Ep 242: Building Million Dollar Membership Sites with Alison Lumbatis



Today on the show we are very happy to welcome an amazing entrepreneur and friend!

Alison Lumbatis runs a successful fashion blog that receives loads of traffic, and houses a great membership program with over a hundred thousand paying members!

On top of all of that, Alison recently released her book, The Ultimate Book of Outfit Formulas, which shot to the top of Amazon’s bestsellers list.

In our conversation, we hear from Alison about what enabled all of this incredible success, and the continued journey of personal development that is central to all entrepreneurs.

Alison comments on how fulfilling and enjoyable this process of learning has been, some of the simple steps she has applied to ensure successful launches, and the different frameworks and models that have come to suit her particular business.

Alison is such a great example of someone carving out the personal brand of her dreams, and looking at her story truly shows how this is possible for anyone with drive and passion.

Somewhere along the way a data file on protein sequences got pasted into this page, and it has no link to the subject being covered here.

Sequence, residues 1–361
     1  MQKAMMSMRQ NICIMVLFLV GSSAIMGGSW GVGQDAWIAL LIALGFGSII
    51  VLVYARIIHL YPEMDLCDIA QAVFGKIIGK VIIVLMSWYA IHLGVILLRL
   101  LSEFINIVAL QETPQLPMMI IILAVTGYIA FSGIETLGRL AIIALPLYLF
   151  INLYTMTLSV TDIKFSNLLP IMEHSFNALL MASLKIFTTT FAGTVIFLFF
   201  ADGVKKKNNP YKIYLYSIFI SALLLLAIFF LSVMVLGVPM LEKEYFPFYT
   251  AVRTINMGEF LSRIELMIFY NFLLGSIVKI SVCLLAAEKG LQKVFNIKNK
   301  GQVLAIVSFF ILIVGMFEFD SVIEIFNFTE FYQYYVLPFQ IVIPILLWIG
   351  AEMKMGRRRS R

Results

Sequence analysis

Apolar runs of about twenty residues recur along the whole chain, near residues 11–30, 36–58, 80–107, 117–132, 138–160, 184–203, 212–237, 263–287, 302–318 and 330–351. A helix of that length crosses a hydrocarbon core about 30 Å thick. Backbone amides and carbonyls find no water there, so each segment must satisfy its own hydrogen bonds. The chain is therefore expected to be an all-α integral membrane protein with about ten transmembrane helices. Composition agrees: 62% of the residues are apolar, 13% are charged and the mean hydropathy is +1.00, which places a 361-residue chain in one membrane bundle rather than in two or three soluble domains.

So, join us today to hear it all!


  • Alison’s route from a career in engineering to blogging and entrepreneurship!
  • The first launch that Alison had and the specifics of her rates and numbers.
  • How Alison mapped out her seasonal launches in response to her first program.
  • A look at where Alison and Get Your Pretty On are currently at.
  • The membership model that has brought Alison so much revenue and customer loyalty.
  • Alison’s evolving approach to launches and how she has scaled her operation.
  • Marketing and promotion and the important work that occurs between launches.
  • How Alison managed to achieve such high rates of customer retention.
  • The ethos of kindness and support that Alison intentionally instilled in the community from the start.
  • Alison’s biggest lessons about membership sites and the importance of ‘stickiness’ and scarcity. 
  • Investing in your skills and learning; how Alison has continued developing her abilities.
  • The launch process of Alison’s book, The Ultimate Book of Outfit Formulas, and the lessons she learned.
  • How Alison engaged the power of a ‘street-launch team’ for her book release.